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ITIL :: View topic - Abandon Call rate
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Abandon Call rate

 
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stanley_raj11
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Joined: Jan 01, 2009
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PostPosted: Tue Feb 17, 2009 11:28 pm    Post subject: Abandon Call rate Reply with quote

Hi All,

How do we can calculate the abandon call rate.

As per my understading:-
Abandon call rate = Total number of abandon calls/Total number of calls

Total number of calls - Should this include the abandon calls which Service desk Receives?

Any Suggestion?


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UrgentJensen
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Joined: Feb 23, 2005
Posts: 458
Location: London

PostPosted: Wed Feb 18, 2009 12:26 am    Post subject: Reply with quote

Hi stanley_raj11,

Yes it can be worked out as a simple percentage and that will give you an absolute value. Depending on what you're trying to achieve you may want to weight it with the number of available staff day to day etc.

Depends what you are looking to achieve with such a figure.

Cheers,

UJ
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stanley_raj11
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PostPosted: Wed Feb 18, 2009 1:05 am    Post subject: Reply with quote

Thank you for the suggestion.

We are trying to achive the % of calls getting abadoned on a Daily Basis.

Can you please let me know if Abandon call rate should also depend on the analsyst available for that day to take calls?

Also, what are the different parameters which need to keep in mind for abadon call rate calculation.

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UKVIKING
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Joined: Sep 16, 2006
Posts: 3307
Location: London, UK

PostPosted: Wed Feb 18, 2009 1:18 am    Post subject: Reply with quote

Stanley_Raj II

the ultimate answer is IT Depends

Remember the old line

Lies, Damn Lies and Statistics.

You should look at abandoned call statistics with an view as what do you do with the numbers found ?

If you look at the total daily volume of call against the total number of abandoned calls, then one thing that can be determined .. if there are enough staff in a day

that combined with per shift total / shift abandoned and individual total / abandoned total could tell you which shift is over worked / staff is over worked

NOTE: The opposite however, does not work.. If you have no abandoned calls, then you have enough staff or too much staff
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UrgentJensen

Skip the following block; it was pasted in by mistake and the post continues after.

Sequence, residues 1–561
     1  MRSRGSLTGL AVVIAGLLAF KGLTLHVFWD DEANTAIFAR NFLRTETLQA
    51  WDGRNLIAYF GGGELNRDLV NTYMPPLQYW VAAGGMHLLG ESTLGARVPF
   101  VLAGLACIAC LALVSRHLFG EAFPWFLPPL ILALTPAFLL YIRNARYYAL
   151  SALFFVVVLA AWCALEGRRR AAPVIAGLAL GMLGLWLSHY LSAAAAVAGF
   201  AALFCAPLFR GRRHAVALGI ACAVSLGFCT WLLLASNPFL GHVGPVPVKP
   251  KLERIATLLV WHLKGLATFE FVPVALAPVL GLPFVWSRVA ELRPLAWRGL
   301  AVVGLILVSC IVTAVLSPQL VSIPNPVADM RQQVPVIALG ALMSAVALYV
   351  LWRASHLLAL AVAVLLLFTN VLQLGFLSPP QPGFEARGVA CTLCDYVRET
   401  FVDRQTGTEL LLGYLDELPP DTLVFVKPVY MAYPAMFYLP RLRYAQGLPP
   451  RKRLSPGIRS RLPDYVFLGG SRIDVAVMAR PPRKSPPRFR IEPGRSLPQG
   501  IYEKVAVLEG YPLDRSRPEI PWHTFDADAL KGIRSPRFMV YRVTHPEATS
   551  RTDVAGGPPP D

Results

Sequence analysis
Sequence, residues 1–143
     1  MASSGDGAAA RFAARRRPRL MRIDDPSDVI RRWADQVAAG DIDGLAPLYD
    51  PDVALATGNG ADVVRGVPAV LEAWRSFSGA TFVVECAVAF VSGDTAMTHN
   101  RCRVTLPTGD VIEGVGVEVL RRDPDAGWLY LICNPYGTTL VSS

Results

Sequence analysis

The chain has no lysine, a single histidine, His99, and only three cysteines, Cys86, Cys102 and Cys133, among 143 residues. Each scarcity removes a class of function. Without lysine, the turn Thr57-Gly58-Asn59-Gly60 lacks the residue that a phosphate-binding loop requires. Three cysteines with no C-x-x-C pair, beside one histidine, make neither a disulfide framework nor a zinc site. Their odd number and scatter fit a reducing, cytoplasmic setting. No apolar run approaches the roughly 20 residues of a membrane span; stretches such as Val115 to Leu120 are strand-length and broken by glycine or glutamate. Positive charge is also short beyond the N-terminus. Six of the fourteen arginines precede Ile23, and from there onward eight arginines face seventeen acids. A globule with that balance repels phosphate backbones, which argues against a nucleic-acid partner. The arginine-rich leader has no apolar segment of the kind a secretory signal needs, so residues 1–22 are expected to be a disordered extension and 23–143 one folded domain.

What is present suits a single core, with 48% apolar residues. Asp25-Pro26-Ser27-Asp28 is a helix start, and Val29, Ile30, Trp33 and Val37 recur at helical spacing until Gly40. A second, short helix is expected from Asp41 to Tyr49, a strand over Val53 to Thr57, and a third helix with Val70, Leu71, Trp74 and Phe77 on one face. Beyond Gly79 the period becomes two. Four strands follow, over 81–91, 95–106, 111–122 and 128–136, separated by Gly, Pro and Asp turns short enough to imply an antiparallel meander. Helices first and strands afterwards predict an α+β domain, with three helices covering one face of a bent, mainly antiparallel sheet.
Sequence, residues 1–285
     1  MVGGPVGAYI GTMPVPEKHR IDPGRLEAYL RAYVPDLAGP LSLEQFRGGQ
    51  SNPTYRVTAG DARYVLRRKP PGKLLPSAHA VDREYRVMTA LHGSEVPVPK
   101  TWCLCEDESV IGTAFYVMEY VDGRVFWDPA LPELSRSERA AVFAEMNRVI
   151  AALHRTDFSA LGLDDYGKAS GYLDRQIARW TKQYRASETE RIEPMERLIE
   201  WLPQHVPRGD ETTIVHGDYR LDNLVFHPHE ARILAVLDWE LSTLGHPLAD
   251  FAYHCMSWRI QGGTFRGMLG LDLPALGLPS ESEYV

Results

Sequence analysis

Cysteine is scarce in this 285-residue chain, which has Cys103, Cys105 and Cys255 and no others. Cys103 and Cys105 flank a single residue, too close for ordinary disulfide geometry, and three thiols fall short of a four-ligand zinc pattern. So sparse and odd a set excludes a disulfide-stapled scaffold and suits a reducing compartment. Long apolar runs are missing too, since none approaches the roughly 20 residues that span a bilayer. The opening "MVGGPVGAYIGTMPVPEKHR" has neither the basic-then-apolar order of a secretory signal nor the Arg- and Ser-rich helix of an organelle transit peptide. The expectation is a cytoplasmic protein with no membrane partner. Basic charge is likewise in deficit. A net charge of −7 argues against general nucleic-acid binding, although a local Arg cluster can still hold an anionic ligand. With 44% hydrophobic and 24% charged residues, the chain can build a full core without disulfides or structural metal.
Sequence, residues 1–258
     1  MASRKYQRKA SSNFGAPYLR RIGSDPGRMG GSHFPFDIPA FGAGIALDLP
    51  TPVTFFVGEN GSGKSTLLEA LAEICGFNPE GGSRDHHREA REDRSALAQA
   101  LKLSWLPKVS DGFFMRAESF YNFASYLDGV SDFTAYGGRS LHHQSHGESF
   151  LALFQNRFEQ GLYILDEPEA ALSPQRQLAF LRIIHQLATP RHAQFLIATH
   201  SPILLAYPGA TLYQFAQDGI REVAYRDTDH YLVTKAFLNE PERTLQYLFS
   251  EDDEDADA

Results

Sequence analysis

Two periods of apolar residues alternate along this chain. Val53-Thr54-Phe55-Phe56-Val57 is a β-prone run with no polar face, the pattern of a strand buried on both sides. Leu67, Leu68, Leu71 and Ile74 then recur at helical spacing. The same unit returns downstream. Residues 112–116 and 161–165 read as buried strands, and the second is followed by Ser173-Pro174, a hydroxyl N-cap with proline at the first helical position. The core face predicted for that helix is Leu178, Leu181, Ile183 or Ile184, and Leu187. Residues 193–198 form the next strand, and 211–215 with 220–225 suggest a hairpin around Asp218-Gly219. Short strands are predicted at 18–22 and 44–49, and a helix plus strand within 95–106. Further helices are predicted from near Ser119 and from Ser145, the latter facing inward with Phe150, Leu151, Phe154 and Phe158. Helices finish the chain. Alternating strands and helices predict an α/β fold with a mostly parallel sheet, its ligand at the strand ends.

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Posts: 458
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PostPosted: Wed Feb 18, 2009 1:30 am    Post subject: Reply with quote

As per Viking, but also consider these factors:

Do you have a queueing system or voice mail?
Is there a good set of alternatives to logging by phone?

Both of the above a bloody annoying to a bloody annoyed customer!

How long does your average call last anyway? Is it unreasonable to expect a better abandon rate if your team are dealing with tricky vpn issues all day?
Or do you have dedicated 'log and flog' staff? Not everyone can be tarred with the same statistic.

What time of day week are you getting your peaks? This is what you might want to link the abandon rate to as the abandon rate is dependednt on the factors mentioned and is therefore relative, not much use as an absolute value (ok, I tried to trick you earlier!)

Oh yes, and if you try and pin the abandon rate on individuals... well make sure you speak to HR first or you'll probably get sued.

Cheers,

UJ
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rpmason
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Joined: May 25, 2007
Posts: 105
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PostPosted: Wed Feb 18, 2009 1:56 am    Post subject: Reply with quote

The simple answer is yes. The total number of calls include the number of abandoned calls. It also includes wrong numbers, kids' calls telling parents they're home safe from school, and crank calls.

There are many things to be considered when working with abandoned calls. How long does the customer have to hang up before you consider it abandoned? 2 seconds? 20 seconds? 2 minutes? 20 minutes? When I call my ISP, sometimes I'm on hold for 10 minutes, when I call my doctor's office, I'm seldom on hold for 2 minutes. I'm sure their abandoned-call thresholds are different.
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stanley_raj11
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PostPosted: Wed Feb 18, 2009 11:14 pm    Post subject: Reply with quote

Hi All,

Thank you very much for the advise Smile


Regards,
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